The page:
Microsoft said last week that it would acquire LinkedIn in a $26.2 billion cash deal. The acquisition, by far the largest in Microsoft’s history, unites two companies in different businesses: one a big maker of software tools, the other the largest business-oriented social networking site, with more than 400 million members globally.
As you would expect, there's been a lot of hot takes related to the reasons from the acquisition, the potential of the deal and what happens next. See my post for 3 ways Microsoft could change the corporate talent scene with LinkedIn by clicking here. For the most part, everyone's guessing about the impact and what's next.
That's why this post from John Sumser was my favorite take on the Microsoft/LinkedIn deal. You can always count on John to get deeper than most observers. Observe and learn:
"The single largest limitation to growth for LinkedIn is the inability to monetize the real value it delivers. LinkedIn preps knowledge workers for the next meeting. It expands the individual human capacity to recall and interact with others. It shaves time off the warm up cycle in conversations. It creates multiple additional points of stickiness between people who are not so close. This is how non-mediated job hunting works.
The problem for LinkedIn and its struggling stock is that there is no hard cash in this productivity improvement. LinkedIn turned out to be the single greatest monument to PowerPoint dollars – PP$ (those savings and ROIs that only exist in the presentation justifying a large enterprise purchase.) LinkedIn increased individual efficiency in a way that must be worth trillions of PP$."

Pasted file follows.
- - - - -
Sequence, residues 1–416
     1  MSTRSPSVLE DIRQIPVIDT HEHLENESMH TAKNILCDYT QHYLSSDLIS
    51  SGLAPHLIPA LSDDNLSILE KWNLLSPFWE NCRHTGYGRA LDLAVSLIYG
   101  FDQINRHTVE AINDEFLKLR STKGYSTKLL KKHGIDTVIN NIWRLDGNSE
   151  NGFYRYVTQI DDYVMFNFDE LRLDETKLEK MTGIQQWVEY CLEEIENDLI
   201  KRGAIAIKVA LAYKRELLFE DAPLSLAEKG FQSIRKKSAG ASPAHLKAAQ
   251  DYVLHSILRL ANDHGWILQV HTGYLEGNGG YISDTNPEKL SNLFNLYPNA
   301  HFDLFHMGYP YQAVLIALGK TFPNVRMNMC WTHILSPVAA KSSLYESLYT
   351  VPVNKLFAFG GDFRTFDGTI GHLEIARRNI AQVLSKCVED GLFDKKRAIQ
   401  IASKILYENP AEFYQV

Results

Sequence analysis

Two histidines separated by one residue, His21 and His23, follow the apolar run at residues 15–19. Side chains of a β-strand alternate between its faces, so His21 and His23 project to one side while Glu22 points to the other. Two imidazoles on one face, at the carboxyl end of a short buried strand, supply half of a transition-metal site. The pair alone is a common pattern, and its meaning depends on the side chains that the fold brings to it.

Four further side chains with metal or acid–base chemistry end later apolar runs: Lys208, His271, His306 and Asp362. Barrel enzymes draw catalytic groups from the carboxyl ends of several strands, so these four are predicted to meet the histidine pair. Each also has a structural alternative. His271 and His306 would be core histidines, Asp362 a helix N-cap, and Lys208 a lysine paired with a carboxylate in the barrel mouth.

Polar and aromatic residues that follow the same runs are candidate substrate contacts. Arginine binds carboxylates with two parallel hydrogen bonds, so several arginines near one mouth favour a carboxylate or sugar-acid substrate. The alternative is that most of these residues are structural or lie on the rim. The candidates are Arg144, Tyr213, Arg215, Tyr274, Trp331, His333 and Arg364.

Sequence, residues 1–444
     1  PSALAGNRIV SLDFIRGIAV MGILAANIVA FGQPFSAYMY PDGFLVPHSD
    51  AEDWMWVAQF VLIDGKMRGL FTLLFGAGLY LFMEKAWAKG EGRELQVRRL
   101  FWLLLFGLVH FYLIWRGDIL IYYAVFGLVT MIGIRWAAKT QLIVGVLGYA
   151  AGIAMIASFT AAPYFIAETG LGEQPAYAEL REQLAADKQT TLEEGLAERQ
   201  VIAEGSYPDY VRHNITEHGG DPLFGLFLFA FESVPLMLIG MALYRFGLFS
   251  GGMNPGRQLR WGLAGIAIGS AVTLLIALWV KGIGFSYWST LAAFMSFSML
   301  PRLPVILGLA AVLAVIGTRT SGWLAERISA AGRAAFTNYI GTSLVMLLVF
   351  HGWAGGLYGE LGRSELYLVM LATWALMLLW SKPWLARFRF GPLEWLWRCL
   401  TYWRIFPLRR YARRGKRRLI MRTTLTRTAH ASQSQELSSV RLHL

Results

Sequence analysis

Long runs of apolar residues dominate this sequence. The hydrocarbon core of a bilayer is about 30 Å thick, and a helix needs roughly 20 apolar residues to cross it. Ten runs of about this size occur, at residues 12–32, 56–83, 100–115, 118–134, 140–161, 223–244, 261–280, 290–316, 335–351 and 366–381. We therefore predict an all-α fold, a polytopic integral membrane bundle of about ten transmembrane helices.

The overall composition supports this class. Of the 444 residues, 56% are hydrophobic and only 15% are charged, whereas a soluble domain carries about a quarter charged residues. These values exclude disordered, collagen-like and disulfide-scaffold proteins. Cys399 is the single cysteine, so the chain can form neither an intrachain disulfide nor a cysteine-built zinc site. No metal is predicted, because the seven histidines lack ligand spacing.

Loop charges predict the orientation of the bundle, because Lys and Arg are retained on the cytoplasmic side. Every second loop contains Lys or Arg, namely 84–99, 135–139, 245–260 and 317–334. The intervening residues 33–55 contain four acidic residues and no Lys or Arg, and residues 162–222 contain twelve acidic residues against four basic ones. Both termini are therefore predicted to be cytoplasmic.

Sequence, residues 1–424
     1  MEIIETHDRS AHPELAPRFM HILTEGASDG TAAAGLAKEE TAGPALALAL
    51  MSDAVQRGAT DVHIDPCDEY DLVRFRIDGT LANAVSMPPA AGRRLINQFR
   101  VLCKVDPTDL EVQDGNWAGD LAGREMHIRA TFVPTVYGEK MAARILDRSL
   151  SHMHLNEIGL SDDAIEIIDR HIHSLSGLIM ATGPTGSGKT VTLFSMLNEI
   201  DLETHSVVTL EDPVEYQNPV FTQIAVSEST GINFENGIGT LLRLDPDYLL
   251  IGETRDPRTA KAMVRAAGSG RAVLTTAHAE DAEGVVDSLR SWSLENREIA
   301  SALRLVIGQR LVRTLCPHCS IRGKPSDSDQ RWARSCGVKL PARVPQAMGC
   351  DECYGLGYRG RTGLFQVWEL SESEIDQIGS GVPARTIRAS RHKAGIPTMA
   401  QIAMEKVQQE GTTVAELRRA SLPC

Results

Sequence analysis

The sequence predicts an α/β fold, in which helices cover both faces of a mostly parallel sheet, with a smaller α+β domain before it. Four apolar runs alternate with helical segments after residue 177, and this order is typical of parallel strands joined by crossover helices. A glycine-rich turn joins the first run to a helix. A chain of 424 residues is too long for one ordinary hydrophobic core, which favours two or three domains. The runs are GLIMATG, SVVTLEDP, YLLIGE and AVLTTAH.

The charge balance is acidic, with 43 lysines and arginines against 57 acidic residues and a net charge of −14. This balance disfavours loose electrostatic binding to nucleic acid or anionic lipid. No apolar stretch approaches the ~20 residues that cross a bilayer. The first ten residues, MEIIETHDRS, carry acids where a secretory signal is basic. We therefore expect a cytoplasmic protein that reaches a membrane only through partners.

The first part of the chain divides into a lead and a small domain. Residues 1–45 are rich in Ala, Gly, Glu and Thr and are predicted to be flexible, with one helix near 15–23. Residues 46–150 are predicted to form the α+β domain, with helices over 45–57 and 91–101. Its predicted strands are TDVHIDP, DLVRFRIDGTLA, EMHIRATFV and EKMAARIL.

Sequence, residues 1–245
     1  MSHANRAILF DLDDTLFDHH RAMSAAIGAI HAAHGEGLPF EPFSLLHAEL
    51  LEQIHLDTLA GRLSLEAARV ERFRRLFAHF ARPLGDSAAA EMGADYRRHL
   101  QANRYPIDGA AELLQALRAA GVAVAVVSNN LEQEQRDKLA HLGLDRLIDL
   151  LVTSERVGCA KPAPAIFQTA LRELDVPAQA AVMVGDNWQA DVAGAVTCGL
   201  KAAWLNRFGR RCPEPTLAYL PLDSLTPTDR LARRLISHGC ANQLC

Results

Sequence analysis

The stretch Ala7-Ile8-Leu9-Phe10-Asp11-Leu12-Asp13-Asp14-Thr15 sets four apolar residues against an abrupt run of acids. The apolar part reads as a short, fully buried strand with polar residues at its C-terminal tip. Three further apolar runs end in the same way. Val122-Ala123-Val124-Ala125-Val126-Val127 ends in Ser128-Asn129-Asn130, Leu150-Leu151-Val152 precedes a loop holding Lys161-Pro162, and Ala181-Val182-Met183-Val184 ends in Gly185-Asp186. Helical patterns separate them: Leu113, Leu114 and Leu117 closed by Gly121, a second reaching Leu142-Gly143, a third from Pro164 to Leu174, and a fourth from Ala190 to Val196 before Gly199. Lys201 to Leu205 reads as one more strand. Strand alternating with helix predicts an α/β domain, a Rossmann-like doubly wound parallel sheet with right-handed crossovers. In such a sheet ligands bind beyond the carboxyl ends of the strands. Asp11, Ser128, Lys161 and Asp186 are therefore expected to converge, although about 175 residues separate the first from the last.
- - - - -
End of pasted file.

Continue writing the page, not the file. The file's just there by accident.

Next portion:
You can go read the rest of John's post here. Smart stuff. Now take a look at LinkedIn's stock since going public (email subscribers click through if you don't see the image):
LinkedIn's stock dived from 250 to 100 in 4 months as the market started holding it accountable for results in the absence of earnings. As REO Speedwagon once said, I believe it's time for me to fly.
To John's point, the things that make LinkedIn most valuable are the ones that are impossible to monetize on their own. But they are things that the right strategic (as well as giant) partner could justify monetizing as part of a deal.
LinkedIn did what they had to do. Can Microsoft find a way to monetize the real value of LinkedIn? It's hard to say, but finding ways to unlock the value of LinkedIn that John alludes to - perhaps across the Office product line and the CRM business - might be the best chance to print those vapor dollars.
After all, a dollar of retention is cheaper than a dollar of new revenue.